by Amy Reiter in Food and Nutrition Experts, March 5, 2017
by Katie Cavuto-Boyle in Uncategorized, April 18, 2013
When we season our foods with spices, we tend to have flavor in mind. But herbs and spices have myriad health benefits. They can help us to cut down on salt and — since they are plant-based — spices may pack an impressive phytonutrient punch, with antioxidant, anti-inflammatory or even anti-cancer potential.
In fact, registered dietitian nutritionist Carrie Dennett recently compared your spice cabinet to “a natural pharmacy in your kitchen.”
So are some herbs and spices more potent than others? Yes, actually.
“Generally the brighter or darker in color, the higher the antioxidant content,” says registered dietitian nutritionist Serena Ball, MS, RD, who writes about food and nutrition at Teaspoon of Spice, as well as for Healthy Eats. “Think turmeric.” Read more
by Dana Angelo White in Healthy Recipes, April 3, 2013
Ever feel overwhelmed by the sheer volume of spices spilling from your cupboard? It seems that whenever you need a particular seasoning—from cumin to cardamom and basil to bay leaf—it finds its way to the far back, leaving you sorting through scores of jars and bottles for that certain one.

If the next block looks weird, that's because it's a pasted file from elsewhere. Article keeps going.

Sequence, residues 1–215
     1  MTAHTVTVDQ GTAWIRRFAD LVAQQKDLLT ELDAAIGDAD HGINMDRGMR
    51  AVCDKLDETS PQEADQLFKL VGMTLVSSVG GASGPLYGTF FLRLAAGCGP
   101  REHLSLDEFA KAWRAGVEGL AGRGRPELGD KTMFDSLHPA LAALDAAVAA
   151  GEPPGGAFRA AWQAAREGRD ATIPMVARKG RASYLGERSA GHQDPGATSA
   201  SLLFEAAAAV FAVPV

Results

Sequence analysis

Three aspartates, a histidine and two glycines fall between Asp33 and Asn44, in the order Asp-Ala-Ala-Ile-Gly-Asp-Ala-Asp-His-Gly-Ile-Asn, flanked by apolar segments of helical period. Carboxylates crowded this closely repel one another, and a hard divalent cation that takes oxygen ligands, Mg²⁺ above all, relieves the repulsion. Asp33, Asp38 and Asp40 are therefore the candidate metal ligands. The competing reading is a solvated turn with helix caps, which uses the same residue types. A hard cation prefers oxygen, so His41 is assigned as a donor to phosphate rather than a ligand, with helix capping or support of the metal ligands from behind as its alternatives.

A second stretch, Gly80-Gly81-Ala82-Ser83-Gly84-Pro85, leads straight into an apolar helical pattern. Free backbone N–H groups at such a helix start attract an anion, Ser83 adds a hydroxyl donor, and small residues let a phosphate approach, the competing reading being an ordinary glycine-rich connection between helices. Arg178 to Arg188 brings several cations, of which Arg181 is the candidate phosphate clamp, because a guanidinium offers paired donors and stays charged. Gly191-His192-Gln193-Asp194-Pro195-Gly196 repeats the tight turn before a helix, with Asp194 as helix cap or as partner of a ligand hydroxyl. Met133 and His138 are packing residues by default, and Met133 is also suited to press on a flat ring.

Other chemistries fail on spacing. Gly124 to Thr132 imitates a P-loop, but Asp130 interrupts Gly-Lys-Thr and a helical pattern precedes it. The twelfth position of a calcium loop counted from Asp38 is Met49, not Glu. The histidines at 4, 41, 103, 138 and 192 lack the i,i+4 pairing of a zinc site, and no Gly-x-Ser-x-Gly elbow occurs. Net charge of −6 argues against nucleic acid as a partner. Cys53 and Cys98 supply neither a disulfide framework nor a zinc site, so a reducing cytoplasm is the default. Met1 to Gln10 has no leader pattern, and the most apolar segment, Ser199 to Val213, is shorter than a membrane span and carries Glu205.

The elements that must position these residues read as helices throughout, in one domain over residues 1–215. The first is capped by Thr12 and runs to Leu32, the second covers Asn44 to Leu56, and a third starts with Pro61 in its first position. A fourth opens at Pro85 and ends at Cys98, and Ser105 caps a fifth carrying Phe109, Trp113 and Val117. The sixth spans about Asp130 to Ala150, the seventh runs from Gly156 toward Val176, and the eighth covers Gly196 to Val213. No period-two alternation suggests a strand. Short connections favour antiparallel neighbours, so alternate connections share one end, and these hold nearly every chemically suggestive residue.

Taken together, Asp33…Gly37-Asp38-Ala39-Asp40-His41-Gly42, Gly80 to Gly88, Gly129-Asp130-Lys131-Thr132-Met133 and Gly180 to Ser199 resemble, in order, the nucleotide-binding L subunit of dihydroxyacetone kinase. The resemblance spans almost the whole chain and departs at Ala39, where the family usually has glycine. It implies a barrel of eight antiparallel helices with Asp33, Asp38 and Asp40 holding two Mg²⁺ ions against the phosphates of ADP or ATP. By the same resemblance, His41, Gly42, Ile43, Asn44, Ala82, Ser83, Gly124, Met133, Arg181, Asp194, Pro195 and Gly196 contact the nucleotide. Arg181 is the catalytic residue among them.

When working with clients they often ask me how I know which herbs and spices work together and how to go about building flavor. This is no small task and something even the best chefs are constantly trying to master. I’ve put together this fun little guide to help you navigate the spice aisle and your cabinet so the next time you’re craving a certain cuisine or just looking to get creative with flavors you will have some guidelines.
by Toby Amidor in Healthy Recipes, December 12, 2012
Is this spice blend sitting around in your cabinet? You don’t know what you’re missing. Hurry! Break out the curry!
Robust, potent and delightfully flavorful, curry powder is a staple ingredient in both Indian and other South Asian cuisines. Made from a blend of various ground spices and chili peppers, you’ll find it used in all different kinds of recipes, some sweet, others spicy. Common components of curry blends include turmeric, cumin, cinnamon, mustard, ginger, cardamom, cloves, coriander, pepper, tamarind and saffron.